And by point of contrast

…I give you, lil’ monkey’s second first day of school. See the image at right, from yesterday’s post, for a glimpse of the stalwart toughie, her first first day.  

Note above, by stark contrast, the relaxed demeanor on this year’s model.  What a difference a year of loving community-building can do.  

Note the lack of out-thrust lower lip.  The placidity in the face, the furrow-free brow.  The apple in the hand, which Baba told her it was customary to bring to your teacher the first day of school.  In some fifteen years of active teaching and teaching-esque duty, I think I might have received enough apples to make one very feeble compote.  Or maybe enough to feed the lil’ monkey on a binge. Thus my staunch, pro-apple stance.

Of course as we were headed to school, she asks, “Why is it traditional to give an apple to your teacher?”  

As is my custom, I eagerly start to dig myself into a nice big hole.  “Well, lambchop, it symbolizes knowledge.”

“But why does it symbolize knowledge?”

“Well, there’s all sorts of malarkey about Adam and Eve and the tree of knowledge and how it was all her fault, and –”

The beloved, up until this point calm in the passenger seat, elbows her way in, before it all goes even further to pot.  “That’s enough, Baba.  It’s just a tradition, and that’s all.”

“Listen to your mother, dear,” I say.

Brevity, what a lark.

After we deliver her into the school, the little sophisticate barely registers our leaving.  Out at the curb, the first of the newbies is arriving.    We smile and wave.  The parents, poised to pluck their little one from the child seat in the back of the car, manage brave smiles back.  

“It hurts you more than it hurts them!  Just get a paper bag and breathe slowly into it!” we call out cheerily, as we wave to them.  Which is partially bunk, but it’s also true, too.   Me, I keep a paper bag handy at all times.

10 thoughts on “And by point of contrast”

  1. i took my little guy to school on tuesday and he was sad, which made me sad. i’m pretty sure my sadness had more to do with the fact that my hormones are still a-ragin’ 3 weeks after having a baby. congratulations! you guys are pros now.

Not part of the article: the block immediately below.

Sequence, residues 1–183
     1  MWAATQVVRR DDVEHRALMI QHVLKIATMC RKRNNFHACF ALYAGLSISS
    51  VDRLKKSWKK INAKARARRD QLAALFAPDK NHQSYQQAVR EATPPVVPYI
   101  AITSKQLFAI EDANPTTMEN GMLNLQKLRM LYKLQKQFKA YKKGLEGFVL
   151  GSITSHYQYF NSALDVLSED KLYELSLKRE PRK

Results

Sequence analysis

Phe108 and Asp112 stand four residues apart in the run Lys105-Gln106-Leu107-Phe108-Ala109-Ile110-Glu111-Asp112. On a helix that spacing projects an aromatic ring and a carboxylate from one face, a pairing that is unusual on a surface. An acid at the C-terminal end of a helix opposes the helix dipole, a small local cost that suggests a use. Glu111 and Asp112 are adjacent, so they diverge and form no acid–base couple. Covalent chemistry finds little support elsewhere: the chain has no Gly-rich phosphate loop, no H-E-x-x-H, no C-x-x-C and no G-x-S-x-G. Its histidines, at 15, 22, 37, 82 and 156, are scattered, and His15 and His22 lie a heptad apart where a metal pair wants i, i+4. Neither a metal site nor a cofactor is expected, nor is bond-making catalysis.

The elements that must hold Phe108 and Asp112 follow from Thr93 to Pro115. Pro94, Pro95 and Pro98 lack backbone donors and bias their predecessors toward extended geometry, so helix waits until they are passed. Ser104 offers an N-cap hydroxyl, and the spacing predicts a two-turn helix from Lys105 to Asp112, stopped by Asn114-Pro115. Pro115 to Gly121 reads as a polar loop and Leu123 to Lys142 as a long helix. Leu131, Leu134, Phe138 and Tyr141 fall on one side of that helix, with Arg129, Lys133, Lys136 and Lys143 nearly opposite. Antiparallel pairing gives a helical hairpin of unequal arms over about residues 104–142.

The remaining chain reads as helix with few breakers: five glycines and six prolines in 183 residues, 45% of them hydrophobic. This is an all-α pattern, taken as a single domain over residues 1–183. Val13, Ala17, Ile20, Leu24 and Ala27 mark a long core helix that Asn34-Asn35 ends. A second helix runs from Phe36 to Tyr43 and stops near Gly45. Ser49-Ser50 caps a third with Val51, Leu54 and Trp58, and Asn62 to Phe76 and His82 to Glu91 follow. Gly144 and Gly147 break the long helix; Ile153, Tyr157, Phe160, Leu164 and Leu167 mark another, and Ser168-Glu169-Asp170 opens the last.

2. It makes my heart hurt a bit to see all these back to school photos. I’m not prepared for my youngest to be that age, and it’s careening toward me more quickly than I thought possible.

  3. Many hugs to you getting through YOUR first day of school. She looks so grown up and seems to know – herself – that she is indeed ready to go. Same thing with my son. He looked at me as if to say “Um, whats the big DEAL. Kids go to school when they turn 5. Sheesh mom.” Can’t he see that he is free falling out of his childhood? And I can’t slow him down, catch him, give him a big enough parachute, or even -deep breaths – stop him? AH! Anyway, paper bags all around, my friend.

  4. I KNOW. Our little one started grade one on Tuesday. Day one – trying not to bawl as she joined the lineup of students, and walked away from us into the classroom. Day two – trying not to bawl as she climbed away from us up the steps of the school bus. Every night – trying not to bawl as we look through the parent/teacher communication book in which she laboriously scribed her name, address, etc. She’s just so little. My sweetheart said to me last night as our heads hit the pillow – “I’m just NOT OKAY with how much time she’s suddenly spending with strangers. We don’t know what she does all day long, or how she feels about it.”
    And then, when we asked her what she was looking forward to most about going to school, number one was “you guys picking me up afterward.” Number two? “We’ll get to have a break from each other.”
    And I stand on the curb, waving wistfully as the bus pulls away, and she’s so busy looking ahead, she doesn’t see me. But still, that’s our job isn’t it? To be there, on the offchance that they do look for us.

  5. You people are stabbing a #2 pencil in my heart here, all the eloquence. Whatever shall we do. Before meandering down this primrose parenting path, I had no idea it would be a non-stop, daily exercise in how precious and precious little our time is.

    Sigh. Back to the harp music.

  6. Don’t we wish we could look out at life with the same calm, confident expression as your daughter. Her eyes are lovely and astonishing. What a gift to capture with a camera.

    You have so many more firsts to go through with your kiddles. They grow all to fast. A blink is longer.

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